West Nile Virus hasn’t been a problem in Wisconsin yet this year, but that could still change – Milwaukee Journal Sentinel

West Nile Virus hasn't been a problem in Wisconsin yet this year, but that could still change - Milwaukee Journal Sentinel 5

West Nile Virus activity has been low so far this year in Wisconsin, according to data from the Wisconsin Department of Health Services.

Through the start of August, the agency reported no WNV in humans, horses or birds.

The absence of a WNV case in a bird at this time of year is “unprecedented” since the state began tracking the disease in 2002, said Rebecca Osborn, WDHS vectorborne disease epidemiologist.

In an average year, 21 dead birds with WNV have been submitted to the agency by Aug. 1, according to WDHS data.  Also, the state typically has one human case of the disease in June and two in July.

The lack of findings this year comes at a time of heightened interest and concern about WNV among the wildlife community.

The disease, spread by mosquitoes and first identified in the U.S. in 1999 and in Wisconsin in 2001, is known to affect more than 300 species of wildlife, as well as humans and horses, according to the Centers for Disease Control and Prevention. Among the species most affected are crows and jays. 

At least two deaths of common loons in July in Minnesota were linked to WNV.

West Nile Virus hasn't been a problem in Wisconsin yet this year, but that could still change - Milwaukee Journal Sentinel 6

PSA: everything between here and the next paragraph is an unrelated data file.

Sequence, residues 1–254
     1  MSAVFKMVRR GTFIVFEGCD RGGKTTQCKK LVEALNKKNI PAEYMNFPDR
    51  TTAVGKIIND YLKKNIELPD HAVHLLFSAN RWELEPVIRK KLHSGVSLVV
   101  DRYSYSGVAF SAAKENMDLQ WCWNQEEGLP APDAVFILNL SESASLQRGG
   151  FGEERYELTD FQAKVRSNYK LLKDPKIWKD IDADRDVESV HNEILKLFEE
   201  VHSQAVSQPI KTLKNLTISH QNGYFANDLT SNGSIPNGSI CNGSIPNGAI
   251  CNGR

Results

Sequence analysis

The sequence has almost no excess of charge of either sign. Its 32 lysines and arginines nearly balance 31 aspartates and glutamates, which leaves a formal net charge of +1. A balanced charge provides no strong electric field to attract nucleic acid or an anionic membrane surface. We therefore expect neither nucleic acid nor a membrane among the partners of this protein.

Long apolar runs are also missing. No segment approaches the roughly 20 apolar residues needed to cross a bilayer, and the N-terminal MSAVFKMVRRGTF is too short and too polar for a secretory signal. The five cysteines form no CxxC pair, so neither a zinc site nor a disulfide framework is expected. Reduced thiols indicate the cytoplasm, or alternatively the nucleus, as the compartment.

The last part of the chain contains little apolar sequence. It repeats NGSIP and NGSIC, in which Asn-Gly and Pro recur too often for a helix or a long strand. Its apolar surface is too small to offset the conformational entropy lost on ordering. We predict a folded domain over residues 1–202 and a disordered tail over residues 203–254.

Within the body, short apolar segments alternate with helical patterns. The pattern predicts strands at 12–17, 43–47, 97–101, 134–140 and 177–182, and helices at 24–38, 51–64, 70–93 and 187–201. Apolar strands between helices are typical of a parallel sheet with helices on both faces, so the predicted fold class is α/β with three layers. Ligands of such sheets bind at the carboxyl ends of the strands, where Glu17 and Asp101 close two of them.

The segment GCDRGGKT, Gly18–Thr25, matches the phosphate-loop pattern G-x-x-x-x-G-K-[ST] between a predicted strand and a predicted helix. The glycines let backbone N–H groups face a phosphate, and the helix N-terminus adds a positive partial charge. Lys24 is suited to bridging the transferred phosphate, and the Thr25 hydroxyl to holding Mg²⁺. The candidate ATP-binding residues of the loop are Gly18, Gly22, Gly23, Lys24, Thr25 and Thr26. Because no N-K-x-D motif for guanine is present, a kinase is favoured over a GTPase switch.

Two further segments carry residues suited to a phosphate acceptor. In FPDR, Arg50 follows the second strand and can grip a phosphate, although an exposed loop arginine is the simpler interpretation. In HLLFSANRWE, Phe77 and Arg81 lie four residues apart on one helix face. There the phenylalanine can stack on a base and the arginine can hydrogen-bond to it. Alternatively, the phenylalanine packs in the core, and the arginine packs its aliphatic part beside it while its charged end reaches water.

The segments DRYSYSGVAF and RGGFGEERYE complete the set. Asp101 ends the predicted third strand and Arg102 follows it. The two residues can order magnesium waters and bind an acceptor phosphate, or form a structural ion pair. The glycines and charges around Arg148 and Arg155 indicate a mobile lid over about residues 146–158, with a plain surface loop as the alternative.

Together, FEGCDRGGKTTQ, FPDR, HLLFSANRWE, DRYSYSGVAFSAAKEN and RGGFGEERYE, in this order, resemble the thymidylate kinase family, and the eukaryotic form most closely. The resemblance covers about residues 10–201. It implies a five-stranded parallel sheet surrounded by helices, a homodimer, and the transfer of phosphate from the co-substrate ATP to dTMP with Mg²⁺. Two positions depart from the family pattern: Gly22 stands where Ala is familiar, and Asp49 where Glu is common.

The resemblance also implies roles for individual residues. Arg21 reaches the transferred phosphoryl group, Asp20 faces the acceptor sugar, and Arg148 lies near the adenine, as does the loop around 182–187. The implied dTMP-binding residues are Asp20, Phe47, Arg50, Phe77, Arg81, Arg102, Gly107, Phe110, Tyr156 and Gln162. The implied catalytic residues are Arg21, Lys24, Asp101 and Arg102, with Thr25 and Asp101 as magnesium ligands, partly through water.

The disease has also been shown to cause fatalities in ruffed grouse and some wildlife officials have cited WNV as a potential cause for an unexpected downturn in grouse numbers and low percentage of juvenile birds during fall 2017 in the Upper Midwest.

“WNV clearly kills ruffed grouse and as many as 80% of grouse exposed to the virus are killed outright or might have reduced survival,” wrote Lisa Williams, PGC game birds biologist, in a September 2016 article in “Game News.”

In 2017, Wisconsin health officials documented 51 cases of WNV in humans, third-highest since 2002 and well above the average of 20.

So it’s likely the virus that year was more active than average among wildlife species, too, according to researchers. However, it’s unknown whether the disease could have a population-level effect on grouse in Wisconsin.

As a cautionary measure, the Wisconsin Natural Resources Board shortened the 2018 ruffed grouse hunting season by one month (about 20%).

Also last year, concern over the potential impact of WNV on grouse prompted state wildlife managers in Wisconsin, Michigan and Minnesota to launch a collaborative testing effort. Hunters were issued test kits and asked to submit blood, heart and feather samples from birds they killed. 

West Nile Virus hasn't been a problem in Wisconsin yet this year, but that could still change - Milwaukee Journal Sentinel 7

The results of the testing  are expected soon, according to Mark Witecha, upland bird ecologist with the Wisconsin Department of Natural Resources.